c) Theory of Literature: intertextuality; literary genres and modes; satire; polyphonicnovel; autobiography; matters of periodization and origins of early modern Greek literature; poetics, in general, and generic classifications, in particular, from the renaissance to the present; gender studies; iconological studies and, especially, the construction of the image of the other in combination with the formation of 'national' identities before the creation of modern national states; interrelation of history and
literature.
d) Comparative Literature: methodological questions of comparative poetics, literature and painting; Greek and European enlightenment; Greek and European travel literature (1700-1850); Cypriot and Cretan literary and historiographical production of the 16th and 17th centuries; modern Greek literature of the 19th and 20th centuries in the context of the European literature; interrelation of modern Greek literature and Romanian literature.
e) Linguistics: the grammatical description of modern Greek (description of the greek dialects of southern Italy, Greek sign language); syntactic theory (the syntactic description of standard modern Greek and Cypriot Greek); comparative syntax; the interfaces between syntax and the other branches of theoretical linguistics, namely phonology, morphology and semantics; lexicography; sociolinguistics; language policy and language planning; minority/lesser used languages; urban dialectology; applications of linguistic technology; technical translation and terminology.
 
The research activities of the Department of Classics and Philosophy, because of the nature of the subject-matter studies, cover a wide range of scholarly fields in the study of the Greco-Roman antiquity and philosophy. More specifically, the research interests of the members of the academic staff of the Department are as follows:
a) Ancient Greek Literature: Homer, archaic lyric poetry, attic tragedy, comedy, historiography, the sophist, computer and the humanities, reception of antiquity in modern times, epigram, Hellenistic literature, papyrology, ancient lexicography, epistolography.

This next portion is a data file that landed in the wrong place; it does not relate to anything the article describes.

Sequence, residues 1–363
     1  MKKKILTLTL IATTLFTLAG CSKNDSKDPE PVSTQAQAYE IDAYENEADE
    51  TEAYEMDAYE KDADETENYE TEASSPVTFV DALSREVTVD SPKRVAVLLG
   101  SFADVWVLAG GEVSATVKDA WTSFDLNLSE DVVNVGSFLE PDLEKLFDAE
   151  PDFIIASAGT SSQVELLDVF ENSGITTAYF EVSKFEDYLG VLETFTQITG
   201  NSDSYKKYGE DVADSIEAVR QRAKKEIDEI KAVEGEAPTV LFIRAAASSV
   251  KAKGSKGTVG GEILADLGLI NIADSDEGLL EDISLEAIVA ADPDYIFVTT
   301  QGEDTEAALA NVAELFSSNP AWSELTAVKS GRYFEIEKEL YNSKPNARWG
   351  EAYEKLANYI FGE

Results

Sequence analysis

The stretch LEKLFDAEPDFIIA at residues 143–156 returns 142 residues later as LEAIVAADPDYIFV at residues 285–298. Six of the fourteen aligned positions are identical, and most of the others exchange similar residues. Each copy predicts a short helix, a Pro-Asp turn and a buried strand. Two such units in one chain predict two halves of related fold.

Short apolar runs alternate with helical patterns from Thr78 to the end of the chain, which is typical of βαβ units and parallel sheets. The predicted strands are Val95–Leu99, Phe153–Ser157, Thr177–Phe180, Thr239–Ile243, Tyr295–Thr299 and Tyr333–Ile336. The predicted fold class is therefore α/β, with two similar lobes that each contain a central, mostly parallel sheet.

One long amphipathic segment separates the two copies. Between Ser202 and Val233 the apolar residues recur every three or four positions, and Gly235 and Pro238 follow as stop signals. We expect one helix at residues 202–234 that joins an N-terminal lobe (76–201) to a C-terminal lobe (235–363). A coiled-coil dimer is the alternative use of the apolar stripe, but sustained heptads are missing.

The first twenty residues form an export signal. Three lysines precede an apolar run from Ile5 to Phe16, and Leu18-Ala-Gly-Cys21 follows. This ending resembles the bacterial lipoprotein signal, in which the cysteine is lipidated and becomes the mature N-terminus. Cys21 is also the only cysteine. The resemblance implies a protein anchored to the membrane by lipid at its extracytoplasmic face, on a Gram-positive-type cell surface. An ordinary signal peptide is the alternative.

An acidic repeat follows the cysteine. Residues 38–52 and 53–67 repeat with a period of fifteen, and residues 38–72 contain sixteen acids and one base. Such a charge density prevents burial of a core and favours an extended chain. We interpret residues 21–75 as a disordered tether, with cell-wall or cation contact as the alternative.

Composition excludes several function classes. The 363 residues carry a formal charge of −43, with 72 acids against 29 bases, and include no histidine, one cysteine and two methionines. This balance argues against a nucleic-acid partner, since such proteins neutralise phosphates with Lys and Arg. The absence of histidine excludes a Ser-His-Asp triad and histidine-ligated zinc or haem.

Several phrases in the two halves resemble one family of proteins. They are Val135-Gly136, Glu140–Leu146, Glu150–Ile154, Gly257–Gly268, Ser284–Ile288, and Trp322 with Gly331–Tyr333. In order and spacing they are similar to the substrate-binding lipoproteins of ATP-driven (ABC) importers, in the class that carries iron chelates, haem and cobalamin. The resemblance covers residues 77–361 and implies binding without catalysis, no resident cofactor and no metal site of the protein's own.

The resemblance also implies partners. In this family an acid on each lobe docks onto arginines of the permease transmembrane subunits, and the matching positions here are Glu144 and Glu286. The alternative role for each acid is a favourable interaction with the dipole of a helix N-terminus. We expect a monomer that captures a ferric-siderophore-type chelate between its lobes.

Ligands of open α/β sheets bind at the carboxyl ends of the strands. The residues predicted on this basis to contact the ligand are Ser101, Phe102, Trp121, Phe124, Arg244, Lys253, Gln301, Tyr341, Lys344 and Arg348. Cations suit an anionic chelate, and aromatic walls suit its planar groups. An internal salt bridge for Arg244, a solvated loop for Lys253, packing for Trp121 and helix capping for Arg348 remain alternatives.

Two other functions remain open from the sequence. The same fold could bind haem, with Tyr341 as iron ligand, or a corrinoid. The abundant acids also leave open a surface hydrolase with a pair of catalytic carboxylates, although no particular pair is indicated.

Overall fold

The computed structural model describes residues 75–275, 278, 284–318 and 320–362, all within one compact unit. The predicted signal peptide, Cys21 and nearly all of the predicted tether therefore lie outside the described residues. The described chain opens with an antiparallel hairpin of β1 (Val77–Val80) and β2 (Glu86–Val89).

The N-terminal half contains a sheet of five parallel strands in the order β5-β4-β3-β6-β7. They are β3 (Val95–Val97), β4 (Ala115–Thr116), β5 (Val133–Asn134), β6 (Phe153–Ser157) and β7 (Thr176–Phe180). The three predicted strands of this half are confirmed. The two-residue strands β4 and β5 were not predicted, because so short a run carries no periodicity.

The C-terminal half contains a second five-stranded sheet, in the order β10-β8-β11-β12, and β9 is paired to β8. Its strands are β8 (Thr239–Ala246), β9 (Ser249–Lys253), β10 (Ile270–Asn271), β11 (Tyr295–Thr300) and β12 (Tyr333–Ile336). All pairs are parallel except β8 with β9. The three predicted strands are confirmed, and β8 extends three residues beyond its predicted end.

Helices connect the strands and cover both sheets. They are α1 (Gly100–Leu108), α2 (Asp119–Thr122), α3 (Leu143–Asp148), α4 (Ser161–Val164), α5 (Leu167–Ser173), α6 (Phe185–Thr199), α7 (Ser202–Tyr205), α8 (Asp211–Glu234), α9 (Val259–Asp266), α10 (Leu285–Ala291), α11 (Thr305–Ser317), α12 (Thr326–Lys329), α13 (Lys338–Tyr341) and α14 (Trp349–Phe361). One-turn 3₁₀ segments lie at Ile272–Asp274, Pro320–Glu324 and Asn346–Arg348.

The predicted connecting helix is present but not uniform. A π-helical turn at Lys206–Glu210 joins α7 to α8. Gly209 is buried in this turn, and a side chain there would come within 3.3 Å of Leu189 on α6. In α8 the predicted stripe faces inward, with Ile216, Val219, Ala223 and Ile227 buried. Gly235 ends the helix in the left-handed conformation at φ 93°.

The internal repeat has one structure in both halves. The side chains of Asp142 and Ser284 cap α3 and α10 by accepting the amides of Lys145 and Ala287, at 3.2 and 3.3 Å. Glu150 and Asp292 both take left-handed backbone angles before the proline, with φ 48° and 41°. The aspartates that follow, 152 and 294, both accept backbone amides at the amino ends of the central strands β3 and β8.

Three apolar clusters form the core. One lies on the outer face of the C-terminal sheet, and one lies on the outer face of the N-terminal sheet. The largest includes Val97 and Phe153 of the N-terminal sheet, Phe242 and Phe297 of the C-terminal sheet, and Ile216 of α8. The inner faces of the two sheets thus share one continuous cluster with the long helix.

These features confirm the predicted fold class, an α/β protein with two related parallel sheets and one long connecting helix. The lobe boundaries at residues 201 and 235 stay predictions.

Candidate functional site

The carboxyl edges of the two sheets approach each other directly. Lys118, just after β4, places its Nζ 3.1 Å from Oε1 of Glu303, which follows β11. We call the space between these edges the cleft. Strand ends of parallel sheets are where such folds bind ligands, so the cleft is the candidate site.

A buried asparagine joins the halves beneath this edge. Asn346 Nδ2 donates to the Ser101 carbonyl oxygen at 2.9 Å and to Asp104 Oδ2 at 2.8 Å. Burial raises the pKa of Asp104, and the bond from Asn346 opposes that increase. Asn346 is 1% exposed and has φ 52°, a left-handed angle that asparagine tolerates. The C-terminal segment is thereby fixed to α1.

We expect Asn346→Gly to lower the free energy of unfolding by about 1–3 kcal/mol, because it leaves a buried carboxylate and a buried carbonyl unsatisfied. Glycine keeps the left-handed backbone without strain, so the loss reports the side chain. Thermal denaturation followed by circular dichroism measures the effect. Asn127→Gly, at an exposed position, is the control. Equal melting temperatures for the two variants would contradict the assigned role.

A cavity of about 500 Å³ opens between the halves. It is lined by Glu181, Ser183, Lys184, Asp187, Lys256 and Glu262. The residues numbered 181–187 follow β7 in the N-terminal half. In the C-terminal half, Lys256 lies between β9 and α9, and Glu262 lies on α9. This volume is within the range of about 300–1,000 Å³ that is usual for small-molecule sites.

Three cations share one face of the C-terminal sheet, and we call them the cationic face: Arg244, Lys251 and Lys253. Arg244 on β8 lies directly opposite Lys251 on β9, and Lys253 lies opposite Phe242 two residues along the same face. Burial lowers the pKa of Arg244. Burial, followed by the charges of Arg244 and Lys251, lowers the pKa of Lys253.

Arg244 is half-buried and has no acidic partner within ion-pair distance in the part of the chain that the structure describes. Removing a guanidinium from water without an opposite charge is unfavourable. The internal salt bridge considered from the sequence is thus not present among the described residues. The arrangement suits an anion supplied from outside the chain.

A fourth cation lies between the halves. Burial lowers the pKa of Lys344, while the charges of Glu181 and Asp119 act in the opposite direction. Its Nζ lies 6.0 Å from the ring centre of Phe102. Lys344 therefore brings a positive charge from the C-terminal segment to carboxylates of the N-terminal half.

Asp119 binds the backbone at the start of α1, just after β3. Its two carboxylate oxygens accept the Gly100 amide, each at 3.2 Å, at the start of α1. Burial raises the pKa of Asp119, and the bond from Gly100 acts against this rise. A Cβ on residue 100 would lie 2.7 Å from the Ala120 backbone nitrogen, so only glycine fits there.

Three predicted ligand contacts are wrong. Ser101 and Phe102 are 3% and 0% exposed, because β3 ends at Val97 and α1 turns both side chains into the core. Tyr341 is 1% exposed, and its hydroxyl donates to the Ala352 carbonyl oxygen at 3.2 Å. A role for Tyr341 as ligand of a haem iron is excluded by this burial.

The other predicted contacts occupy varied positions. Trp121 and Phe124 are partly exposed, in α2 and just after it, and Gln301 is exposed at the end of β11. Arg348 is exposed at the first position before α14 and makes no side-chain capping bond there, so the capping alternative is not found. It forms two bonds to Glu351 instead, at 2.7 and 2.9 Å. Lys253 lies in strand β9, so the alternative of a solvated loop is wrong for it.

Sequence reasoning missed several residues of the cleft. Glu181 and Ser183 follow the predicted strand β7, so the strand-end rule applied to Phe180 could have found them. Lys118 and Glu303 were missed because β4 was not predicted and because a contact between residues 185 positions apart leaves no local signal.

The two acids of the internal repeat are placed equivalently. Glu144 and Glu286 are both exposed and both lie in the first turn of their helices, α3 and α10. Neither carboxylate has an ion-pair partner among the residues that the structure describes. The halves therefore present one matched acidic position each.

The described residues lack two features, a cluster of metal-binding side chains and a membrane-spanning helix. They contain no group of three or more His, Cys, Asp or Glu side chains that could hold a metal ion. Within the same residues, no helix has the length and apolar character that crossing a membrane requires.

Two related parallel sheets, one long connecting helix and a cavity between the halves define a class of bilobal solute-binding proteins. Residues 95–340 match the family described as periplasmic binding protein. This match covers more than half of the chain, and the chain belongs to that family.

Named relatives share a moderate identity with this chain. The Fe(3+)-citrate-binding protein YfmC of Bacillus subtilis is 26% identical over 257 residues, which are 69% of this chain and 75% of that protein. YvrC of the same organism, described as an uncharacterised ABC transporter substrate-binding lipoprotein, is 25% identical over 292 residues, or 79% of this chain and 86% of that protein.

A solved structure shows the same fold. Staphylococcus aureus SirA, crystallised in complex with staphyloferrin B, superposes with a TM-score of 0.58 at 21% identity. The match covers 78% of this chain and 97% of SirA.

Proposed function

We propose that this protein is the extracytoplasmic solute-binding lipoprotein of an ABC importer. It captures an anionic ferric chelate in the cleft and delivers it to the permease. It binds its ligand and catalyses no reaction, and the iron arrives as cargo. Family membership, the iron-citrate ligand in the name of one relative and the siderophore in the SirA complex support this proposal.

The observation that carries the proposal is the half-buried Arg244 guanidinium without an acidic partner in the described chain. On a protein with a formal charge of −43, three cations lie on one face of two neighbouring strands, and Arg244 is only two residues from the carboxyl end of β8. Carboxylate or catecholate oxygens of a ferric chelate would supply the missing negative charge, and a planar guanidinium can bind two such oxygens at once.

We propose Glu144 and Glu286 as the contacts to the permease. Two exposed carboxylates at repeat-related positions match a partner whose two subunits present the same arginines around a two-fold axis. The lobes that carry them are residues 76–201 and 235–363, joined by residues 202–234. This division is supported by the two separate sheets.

b) Latin Literature: Cicero and the Ciceronian age (literature and culture), Latin funeral speeches, Roman historiography, Greco-Roman poetical thought, Roman grammarians and scholars, Roman archaism , Augustan poetry, literature of the early imperial period, satire, rhetoric, epistolography.
c) Methodology and History of Classical Literature: textual criticism and editing of ancient texts, I/T and classical studies, technology and education.
d) Linguistics: Greek dialects, koine, sociolinguistics, electronic lexicography
e) Epigraphy: syllabic scripts in the Greek-speaking world, Greek inscriptions from Macedonia and Cyprus.
f) Papyrology: study of the Papyrological Collection of the Department consisting of about 70 more or less fragmentary papyrus documents from the Heracleopolite nome of Egypt, dating from the middle of the 2nd c. B.C.
g) Philosophy: The Presocratics, Ancient Greek Philosophy (Plato, Aristotle), political philosophy, moral philosophy with emphasis on applied ethics and the ethics of life, German idealism, philosophy of science, logic.
 
Research at the Department of History and Archaeology focuses on the fields of History and Archaeology. In particular, the Department of History and Archaeology is the leader in the scientific investigation of the history and archaeology of Cyprus, which consequently has become the focus of increasing international scholarly attention. The Department also plays a fundamental role in research into the past of the wider Eastern Mediterranean basin, from prehistory to the present, and contributes to the study of western Europe as well.
 
More information for the research activity at the University of Cyprus, you can find in the publication Research at the University of Cyprus.